Mantras to Save Money

As some of you may know, I have a mantra that I say at the till every time I am in a bookstore (weekly, at the very least):  “At least it’s not shoes, at least it’s not shoes, at least it’s not shoes.”

I love my mantra, but I do acknowledge that it is a bit of a Pyrrhic victory to “save” on shoes only to spend on books.  In the very same moment, I proclaim and undermine my virtue by pretending that my spending is anything but indulgent.  Shoes or books, whatever your addiction, if you have to have a mantra when you spend, your purchase is probably less a necessity than an indulgence.  My claim to virtue rests entirely on my perception that shoes are a frivolous indulgence while books are a sound investment.  I acknowledge that I could probably well stand to spend a bit more time and money on clothes (including shoes) and a lot less on books, but there you go.  I can easily resist one, and struggle mightily to resist the other.

I am not a big fan of diets or of deprivation; my attempts to stop buying books have not gone well.  But I have found Eliza’s Cross’s money diet challenge to be an effective and wholesome mantra: “no unnecessary spending.”   As part of her January Money Diet, in its fifth year this year, participants pledge to save money and to try to go for a month without spending cash, taking a 31-day break from all but the most essential spending.  I did not sign up, but I am observing with interest from a distance.

One of the places in which I am most guilty of unnecessary spending is the drug store at the end of my street.  I’ve been in there a lot this month, finally taking myself and each of the three boys in turn for our flu shots (hooray!), and I’m always running in for milk or bread.  We also get loyalty points when we spend, which is terrible temptation to spend more, more, more.  Well, not this month.  In the drug store, when I was tempted to replace the tube of lip gloss that ran out, the one shade out of dozens that I own, I stopped myself short by saying, “No unnecessary spending.”  When I found myself itching to try a new body lotion, in spite of the many half-finished tubs and bottles at home, I said, “No unnecessary spending.”  When I reached for a new shade of nail polish, I thought of all I had, and said, “No unnecessary spending.”   It never felt like deprivation.  It felt calming and empowering.  It made me grateful for what I already have and it made me come home and unearth it.  It was wonderful.

imgres-6It did not work in the bookstore.

I have not been on a money diet for January.  I have taken a romantic holiday alone with my husband, I have gone out for decadent meals with him, and for fun meals with friends.  We consumed too many calories, we spent too much on food and wine.  But none of that spending felt wrong or indulgent.  I am a better parent, wife and friend for those luxuries, and that, I think, is what good spending should achieve: a sense of well-being, a sense of being ahead of where you were before you spent the money rather than guilt for feeling behind or in debt.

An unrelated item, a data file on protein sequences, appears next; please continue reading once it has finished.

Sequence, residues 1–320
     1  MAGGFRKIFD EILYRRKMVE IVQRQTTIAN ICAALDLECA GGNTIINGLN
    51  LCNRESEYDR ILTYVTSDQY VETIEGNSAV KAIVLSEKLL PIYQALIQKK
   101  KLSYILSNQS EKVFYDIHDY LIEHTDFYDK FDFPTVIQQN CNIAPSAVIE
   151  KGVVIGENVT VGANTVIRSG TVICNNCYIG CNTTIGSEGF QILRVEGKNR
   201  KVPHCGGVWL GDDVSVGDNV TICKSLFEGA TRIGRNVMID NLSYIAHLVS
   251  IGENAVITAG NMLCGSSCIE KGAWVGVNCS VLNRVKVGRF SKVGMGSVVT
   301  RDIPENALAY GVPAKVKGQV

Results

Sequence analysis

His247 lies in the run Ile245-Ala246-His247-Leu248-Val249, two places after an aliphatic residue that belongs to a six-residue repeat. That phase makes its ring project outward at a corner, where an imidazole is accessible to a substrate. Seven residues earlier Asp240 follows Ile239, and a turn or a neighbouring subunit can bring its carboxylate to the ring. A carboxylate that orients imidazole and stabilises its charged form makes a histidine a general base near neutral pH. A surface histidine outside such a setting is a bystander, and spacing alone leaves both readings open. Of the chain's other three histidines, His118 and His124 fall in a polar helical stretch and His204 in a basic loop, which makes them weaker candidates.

The money diet mantra has also given me a sense of well-being.  It reminds me of my life of plenty, and makes me grateful for my existing small luxuries.


6 thoughts on “Mantras to Save Money

  1. “a sense of being ahead of where you were before you spent the money rather than guilt for feeling behind or in debt.” I’m going to pin that to my wall. [“My Shopper’s Addiction” would be a pretty good Canadian TLC show if you ask me….]

  2. It does feel calm and empowering to cut back on the unnecessary spending. Like you, I don’t deprive myself but after reading Happy Simple Living’s January Money Diet, I am more mindful and that makes me feel in control – and saving money is an added bonus!

  3. People in their eighties and nineties looking back at their long lives have said
    that their regrets are more often about the opportunities for change
    they didn. If you are planning to have an outdoor adventure,
    you need to be prepared with your outdoor camping gear. Campers will study breads
    and pastries, beef and poultry, seafood, cake decorating as
    well as the skills that cross over all of these areas like chopping, garnishes and more.
    Another aspect you should be concerned with is
    how counselors are dealing with the trouble makers in the group.

    Examples of adventures include a trip to the beach, a hiking trail trip, a mountain climbing trip, a water sports trip, a recreational vehicle
    trip, a trip to a state or national park to name a few.

    This is a tool based on the inverse Zeno effect, a phenomenon from quantum physics in which we’ve
    discovered that we can slow down or speed up subatomic
    processes just by measuring them. Such a style is largely similar to what teams like Barcelona or even Bayern Munich (Under Pep Guardiola) are doing, just on the
    big pitch. Also, make sure you will be able to
    visit the ghost town, since some are on private property and not open to the public.
    The learned to work as a team as well as overcome fears. You
    could be rigid and continue to do things the same way over and

  4. When you pass the CPA exam you have literally opened the door
    to a world of opportunities. The last place
    you must look to when you are wanting for sensible solutions is to the IRS.
    o A good CPA can assist you and your situation by offering more specialized advice and tax tips.

Comments are closed.